The trail starts off rather easy with a slight uphill, but it isn’t long until the path turns into steep stone stairs. The stairs continue virtually unbroken until you get to the top. Accounts vary, but the estimated step count is 722 and the elevation gain is ~985 feet (300m). Despite the grueling nature of the hike, it was a very beautiful hike. The forest it went through was so lush with massive old growth trees and waterfalls all along the path.
Rain was just going to be a common theme for our time in Bergen. The entire walk up we heard rumbles of thunder, but the dark sky seemed pretty far off, so we kept going. It started to sprinkle just as we got to the top. Luckily there was a weather shelter at the top, so we ducked in for a while to stay dry. A perfect time for a snack.
When it seemed the rain wouldn’t amount to much we started our hike, but it wasn’t long before we were getting back into our rain gear and making a beeline for Mt. Fløyen (which we had decided would be easier to hike down than the steep, narrow steps we had just climbed and anticipated would be very slippery in the rain).
Even in the heavy rain, we were blown away by the scenery up top. There were a few lakes, lots of trees, long flowing grass and plenty of flowers. By the time we got to the upper Fløyen Terminal (3.5km away), we were exhausted and soaked through, so we decided to buy tickets down on the funicular to save another hour of walking in the rain. Thankfully, the kids faired pretty well in their rain suits in the backpack carriers with just some cold hands.
Feeling a little unsatisfied with our time up in this area, we returned on a different day, this time with the intent of letting the kids hike more themselves. Though still raining off and on, we managed to get in a much longer hike that didn’t involve running to the funicular with kids on our back.
This area is really not to be missed. So many large trees covered with moss & lichens, lush grass, lakes, waterfalls, etc. We just loved our time up there. Our hike on this day took us to several lakes and past a towering waterfall which remained mostly cloaked by clouds. Our hiking paths ranged from wide and well groomed, to muddy single track. We found some spots to be quite muddy and slippery, not something you want when carrying kids but we were easily able to get on different paths that took us longer but weren’t as treacherous.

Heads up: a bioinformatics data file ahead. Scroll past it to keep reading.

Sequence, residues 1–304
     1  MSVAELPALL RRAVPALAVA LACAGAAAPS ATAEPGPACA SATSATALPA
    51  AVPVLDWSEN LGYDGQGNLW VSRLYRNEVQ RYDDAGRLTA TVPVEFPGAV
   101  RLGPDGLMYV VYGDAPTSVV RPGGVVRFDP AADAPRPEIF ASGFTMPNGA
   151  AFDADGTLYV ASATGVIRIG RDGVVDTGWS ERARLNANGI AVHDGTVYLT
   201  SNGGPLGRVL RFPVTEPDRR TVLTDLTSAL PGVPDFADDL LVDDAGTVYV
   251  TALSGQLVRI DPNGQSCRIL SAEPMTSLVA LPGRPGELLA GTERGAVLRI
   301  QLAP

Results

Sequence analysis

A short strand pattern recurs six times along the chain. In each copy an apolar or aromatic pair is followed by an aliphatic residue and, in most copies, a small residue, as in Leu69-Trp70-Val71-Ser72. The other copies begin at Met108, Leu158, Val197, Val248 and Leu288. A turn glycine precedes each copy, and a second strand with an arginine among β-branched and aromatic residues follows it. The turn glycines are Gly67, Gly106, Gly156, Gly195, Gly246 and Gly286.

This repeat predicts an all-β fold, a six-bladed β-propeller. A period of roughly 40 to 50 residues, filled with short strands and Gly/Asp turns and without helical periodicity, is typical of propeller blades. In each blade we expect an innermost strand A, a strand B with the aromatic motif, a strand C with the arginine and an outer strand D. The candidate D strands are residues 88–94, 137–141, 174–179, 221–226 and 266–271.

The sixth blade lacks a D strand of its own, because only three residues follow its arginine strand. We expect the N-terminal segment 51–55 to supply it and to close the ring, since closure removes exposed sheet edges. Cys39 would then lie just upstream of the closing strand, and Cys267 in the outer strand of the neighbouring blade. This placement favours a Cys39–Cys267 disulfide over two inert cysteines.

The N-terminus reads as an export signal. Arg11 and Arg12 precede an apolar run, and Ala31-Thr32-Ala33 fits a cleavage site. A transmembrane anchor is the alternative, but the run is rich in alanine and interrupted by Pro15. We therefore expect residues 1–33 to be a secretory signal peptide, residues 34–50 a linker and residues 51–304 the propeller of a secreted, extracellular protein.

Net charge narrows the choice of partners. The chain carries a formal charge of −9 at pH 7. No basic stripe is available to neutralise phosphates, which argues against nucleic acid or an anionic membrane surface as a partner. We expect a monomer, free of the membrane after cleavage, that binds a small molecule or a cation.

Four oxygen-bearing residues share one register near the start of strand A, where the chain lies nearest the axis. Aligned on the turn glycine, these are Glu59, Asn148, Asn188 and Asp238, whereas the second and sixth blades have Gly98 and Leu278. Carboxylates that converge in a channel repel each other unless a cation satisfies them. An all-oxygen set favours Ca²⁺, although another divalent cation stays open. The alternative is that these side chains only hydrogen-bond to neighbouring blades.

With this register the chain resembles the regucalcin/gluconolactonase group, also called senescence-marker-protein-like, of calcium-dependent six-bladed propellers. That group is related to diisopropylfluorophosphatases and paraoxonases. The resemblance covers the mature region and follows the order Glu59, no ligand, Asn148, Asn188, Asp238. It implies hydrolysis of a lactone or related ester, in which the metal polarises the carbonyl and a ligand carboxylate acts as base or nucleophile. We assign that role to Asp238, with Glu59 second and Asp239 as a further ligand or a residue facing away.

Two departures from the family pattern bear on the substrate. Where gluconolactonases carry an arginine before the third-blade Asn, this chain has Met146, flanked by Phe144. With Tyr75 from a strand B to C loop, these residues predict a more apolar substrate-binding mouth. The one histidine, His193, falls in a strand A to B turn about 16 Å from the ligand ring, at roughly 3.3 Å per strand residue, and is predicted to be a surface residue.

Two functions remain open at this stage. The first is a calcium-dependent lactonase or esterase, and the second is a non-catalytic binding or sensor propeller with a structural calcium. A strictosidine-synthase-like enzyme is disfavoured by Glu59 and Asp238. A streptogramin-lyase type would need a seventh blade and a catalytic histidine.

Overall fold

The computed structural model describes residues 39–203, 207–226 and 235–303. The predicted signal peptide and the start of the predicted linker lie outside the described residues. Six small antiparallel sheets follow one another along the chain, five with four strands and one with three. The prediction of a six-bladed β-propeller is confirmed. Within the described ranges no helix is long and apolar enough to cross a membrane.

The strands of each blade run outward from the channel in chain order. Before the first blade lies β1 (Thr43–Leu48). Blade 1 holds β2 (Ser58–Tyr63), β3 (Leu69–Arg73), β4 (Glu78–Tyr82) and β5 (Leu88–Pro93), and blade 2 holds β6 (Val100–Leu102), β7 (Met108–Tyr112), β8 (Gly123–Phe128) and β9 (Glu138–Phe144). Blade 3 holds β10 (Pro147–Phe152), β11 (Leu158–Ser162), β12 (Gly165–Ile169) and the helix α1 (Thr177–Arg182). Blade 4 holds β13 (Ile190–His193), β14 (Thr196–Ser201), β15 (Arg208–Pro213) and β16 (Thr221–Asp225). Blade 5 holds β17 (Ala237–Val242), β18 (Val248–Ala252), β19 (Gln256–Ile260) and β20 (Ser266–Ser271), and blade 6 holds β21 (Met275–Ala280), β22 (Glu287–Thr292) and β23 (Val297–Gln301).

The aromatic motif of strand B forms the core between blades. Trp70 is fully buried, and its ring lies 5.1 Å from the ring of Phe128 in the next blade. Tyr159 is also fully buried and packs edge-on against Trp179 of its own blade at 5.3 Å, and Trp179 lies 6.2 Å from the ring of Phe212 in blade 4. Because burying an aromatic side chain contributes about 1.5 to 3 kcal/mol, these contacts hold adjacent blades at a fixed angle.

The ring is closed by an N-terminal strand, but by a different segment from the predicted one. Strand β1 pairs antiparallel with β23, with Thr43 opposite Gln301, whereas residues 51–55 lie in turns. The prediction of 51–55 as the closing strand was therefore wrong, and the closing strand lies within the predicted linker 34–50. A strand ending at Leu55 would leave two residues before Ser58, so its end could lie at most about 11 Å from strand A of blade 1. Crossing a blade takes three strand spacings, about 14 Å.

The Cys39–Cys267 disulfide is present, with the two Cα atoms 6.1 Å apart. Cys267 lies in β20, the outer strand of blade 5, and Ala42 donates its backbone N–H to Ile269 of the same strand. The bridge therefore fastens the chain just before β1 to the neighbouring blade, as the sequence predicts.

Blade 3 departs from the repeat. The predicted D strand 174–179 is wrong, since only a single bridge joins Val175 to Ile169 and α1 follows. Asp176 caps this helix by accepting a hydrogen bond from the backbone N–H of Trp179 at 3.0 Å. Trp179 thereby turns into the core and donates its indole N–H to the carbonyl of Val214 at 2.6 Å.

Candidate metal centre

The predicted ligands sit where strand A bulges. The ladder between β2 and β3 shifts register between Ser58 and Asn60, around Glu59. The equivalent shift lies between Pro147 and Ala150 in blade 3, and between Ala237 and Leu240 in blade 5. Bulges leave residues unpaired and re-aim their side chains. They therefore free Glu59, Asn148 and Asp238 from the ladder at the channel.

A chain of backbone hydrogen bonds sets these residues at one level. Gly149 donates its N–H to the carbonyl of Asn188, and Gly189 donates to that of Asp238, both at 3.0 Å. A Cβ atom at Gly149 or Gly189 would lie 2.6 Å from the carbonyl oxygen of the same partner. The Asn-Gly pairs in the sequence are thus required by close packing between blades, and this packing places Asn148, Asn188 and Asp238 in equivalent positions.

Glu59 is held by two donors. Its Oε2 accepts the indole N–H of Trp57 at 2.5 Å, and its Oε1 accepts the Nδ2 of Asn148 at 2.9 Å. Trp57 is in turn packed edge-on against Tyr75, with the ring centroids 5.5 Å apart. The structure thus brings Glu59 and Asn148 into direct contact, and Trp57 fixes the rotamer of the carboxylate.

How did we know where to hike? We use this app every time!
After a few days of hiking, we wanted to do something just for the kids. We walked the charming, quiet old town streets to the aquarium on the south west side of the main Bergen peninsula. The walk was a great one with the kids and we knew they would love the Bergen Aquarium.
The aquarium itself was on the small side, but it packed in a lot despite its size. When we first got there, our daughter ran to a window where sea lions swam past over and over. The sea lion was obviously having fun with her as it kept blowing bubbles past her window. We then looked at the penguins for a little bit before heading inside.
Expecting the aquarium to get busy, we first went downstairs to the shark tunnel to take advantage of us being there close to opening time. We had the tunnel to ourselves and got to enjoy it without being rushed or crowded. It was smaller than we expected, but it was still very cool – a highlight of the visit. The rest of the level contained lots of small fish tanks. The kids had a lot of fun racing between them to see what was inside. This place was designed with kids in mind as every tank had a bench below where small kids could stand to get a look – very thoughtful.